When looking to build muscle mass, what is the best rep range to do so? Should you do high reps? Low reps? Or, in between?
Before answering the question, we must first determine what is considered low or high reps, most people would consider something similar to the following when classifying rep ranges.
- 1-5 reps for Strength
- 8-12 reps for Bodybuilding
- 15+ reps for Muscular Endurance
Those guides are fairly standard and would apply to the general population, but at Real Results we don’t just rely upon general advice and we don’t believe in a one size fits all approach. We like to tailor each aspect of training and nutrition to the individual for their specific goal.
To determine what is low reps or high reps, it comes down to the individual’s muscle fibre composition. There are 2 main groups of muscle fibre; slow twitch and fast twitch. Fast twitch fibres are strong and produce power but have very poor endurance. Slow twitch fibres have great endurance but lack the strength and power qualities of the fast twitch fibres.
You are born with a proportion of both slow and fast twitch fibres but the quantity of each can differ from person to person depending on genetics. If you are born with an equal spread, then the above guides would most likely apply to you. But if you have a high amount of fast twitch or high amount of slow twitch fibres, then we would need to reconsider your rep range to build muscle.
A fast twitch fibre dominant person would possess abilities of explosive strength but their ability to repeat those efforts would be poor. If this person was completing sets of 10, 12, or 15 reps, the amount of fatigue they would experience would cause them to drastically lower the weight as they could not sustain the level of repetitions. If 8-12 reps were the sweet spot to build muscle for a mixed fibre person, then a dominant fast twitch fibre person would work in a range closer to 5-10 reps to build muscle.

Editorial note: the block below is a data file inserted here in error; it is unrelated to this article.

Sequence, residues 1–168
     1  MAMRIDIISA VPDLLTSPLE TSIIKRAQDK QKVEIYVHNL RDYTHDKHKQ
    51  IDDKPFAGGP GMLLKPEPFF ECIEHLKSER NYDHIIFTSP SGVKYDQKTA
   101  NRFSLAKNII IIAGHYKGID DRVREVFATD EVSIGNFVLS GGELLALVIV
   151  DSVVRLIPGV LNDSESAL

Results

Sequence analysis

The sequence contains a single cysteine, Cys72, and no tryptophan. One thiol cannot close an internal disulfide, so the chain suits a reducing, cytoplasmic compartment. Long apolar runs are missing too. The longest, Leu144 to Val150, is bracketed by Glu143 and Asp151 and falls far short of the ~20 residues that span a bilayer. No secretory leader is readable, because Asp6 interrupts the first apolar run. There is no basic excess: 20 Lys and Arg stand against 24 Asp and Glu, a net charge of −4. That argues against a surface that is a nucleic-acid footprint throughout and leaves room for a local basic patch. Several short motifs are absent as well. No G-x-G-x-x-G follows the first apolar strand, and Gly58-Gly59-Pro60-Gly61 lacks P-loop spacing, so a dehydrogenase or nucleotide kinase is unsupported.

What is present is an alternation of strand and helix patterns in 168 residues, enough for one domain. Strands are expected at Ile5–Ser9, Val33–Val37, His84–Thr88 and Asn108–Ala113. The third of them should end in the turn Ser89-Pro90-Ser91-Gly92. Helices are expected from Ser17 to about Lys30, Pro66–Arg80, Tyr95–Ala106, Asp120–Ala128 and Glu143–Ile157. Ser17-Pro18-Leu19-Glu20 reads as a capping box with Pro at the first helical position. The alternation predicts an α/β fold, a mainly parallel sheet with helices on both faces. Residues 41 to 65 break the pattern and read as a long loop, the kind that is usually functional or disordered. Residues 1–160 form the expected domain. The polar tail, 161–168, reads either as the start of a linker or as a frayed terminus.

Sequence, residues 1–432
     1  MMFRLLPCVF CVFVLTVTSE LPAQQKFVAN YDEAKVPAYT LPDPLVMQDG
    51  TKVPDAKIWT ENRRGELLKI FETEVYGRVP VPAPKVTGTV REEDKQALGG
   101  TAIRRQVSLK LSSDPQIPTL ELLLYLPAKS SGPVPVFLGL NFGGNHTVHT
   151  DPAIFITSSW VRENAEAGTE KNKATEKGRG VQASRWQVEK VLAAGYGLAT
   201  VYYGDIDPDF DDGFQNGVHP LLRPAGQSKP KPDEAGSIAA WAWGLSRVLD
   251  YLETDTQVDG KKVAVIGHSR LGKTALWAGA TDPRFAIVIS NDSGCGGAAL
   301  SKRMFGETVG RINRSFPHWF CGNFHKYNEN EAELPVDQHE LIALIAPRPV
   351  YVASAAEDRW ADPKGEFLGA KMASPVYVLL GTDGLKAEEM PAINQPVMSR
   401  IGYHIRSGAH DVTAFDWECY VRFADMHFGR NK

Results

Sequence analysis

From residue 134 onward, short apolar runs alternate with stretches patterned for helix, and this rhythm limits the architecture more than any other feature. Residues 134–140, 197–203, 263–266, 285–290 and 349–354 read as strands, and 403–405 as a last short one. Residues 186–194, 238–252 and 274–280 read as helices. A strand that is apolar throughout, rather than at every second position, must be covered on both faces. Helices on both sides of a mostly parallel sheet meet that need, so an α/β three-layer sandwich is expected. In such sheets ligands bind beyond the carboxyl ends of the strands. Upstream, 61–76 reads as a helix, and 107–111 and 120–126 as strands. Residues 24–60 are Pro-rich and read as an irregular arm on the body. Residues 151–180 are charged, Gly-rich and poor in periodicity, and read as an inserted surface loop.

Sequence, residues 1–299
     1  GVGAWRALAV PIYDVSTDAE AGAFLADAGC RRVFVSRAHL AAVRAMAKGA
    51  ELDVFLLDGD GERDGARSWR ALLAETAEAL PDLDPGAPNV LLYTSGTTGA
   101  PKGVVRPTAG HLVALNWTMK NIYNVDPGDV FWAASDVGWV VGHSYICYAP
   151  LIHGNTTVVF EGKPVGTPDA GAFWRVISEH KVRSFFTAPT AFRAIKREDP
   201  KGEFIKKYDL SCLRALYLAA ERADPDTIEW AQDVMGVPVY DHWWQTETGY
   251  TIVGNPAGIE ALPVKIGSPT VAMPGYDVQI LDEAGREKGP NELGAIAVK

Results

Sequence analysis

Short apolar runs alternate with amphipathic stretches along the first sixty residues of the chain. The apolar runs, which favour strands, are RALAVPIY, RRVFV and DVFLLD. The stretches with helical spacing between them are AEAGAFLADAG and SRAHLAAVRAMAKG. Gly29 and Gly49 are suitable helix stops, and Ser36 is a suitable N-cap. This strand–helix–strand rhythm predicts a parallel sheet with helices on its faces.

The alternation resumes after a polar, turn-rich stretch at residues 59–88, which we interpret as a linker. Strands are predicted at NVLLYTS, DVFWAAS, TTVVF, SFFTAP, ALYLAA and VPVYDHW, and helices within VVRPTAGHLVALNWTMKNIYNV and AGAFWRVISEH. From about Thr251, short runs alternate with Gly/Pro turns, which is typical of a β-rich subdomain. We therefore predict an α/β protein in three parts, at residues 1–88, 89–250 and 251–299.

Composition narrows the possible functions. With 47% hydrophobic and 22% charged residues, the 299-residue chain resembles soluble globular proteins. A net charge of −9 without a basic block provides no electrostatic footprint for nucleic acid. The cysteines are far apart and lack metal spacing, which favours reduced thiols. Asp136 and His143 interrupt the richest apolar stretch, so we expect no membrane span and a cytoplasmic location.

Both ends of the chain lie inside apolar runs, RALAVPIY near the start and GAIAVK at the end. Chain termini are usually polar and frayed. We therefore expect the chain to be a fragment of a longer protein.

On the other hand a slow twitch dominant person would not experience the same level of fatigue at 8-12 reps with the same weight because their endurance would be greater, so a better range to build muscle for a slow twitch person would be closer to 12-15 reps instead.
If both a slow twitch and a fast twitch person were doing a bench press with 80% of their 1RM (Rep Maximum), the slow twitch person would far surpass the amounts of reps that the fast twitch person could achieve. If both were to do a 1RM lift on the bench, the fast twitch individual would be able to lift a heavier weight compared to the slow twitch. This is why rep ranges can be different for people as the required stimulation To build muscle for one person may not satisfy another.
Now that we’ve addressed the differences in muscle fibre dominance and how it will dictate what is considered high or low reps for each person, we need to look at the differences between high and low reps itself. There is one key element which will always change depending on how many repetitions of an exercise you do, and that is the weight you are lifting. If you perform 5 reps of a squat compared to 15 reps of the squat, the one thing that will indefinitely change is the % of your 1RM that you’re able to lift.
This is extremely important as using a heavier load on an exercise is vital to stimulate muscle growth and to be able to develop strength. If you always lift performing high reps then the % of your 1RM will be lower, which will plateau your ability to build strength and also muscle. On the other hand always lifting low reps with heavy weight may not provide enough repetitions and stimulation for the muscles to fatigue and grow.
The best approach is to not ALWAYS lift low reps or high reps, but to go through training phases where you keep the weight the same and increase repetitions or you keep the repetitions the same and build up the weight. The body will always adapt to the stimulus you provide it and once that occurs, your ability to see results from that same stimulus becomes less and less. Be smart with your training and have a plan that will allow you to continuously progress in the gym long term.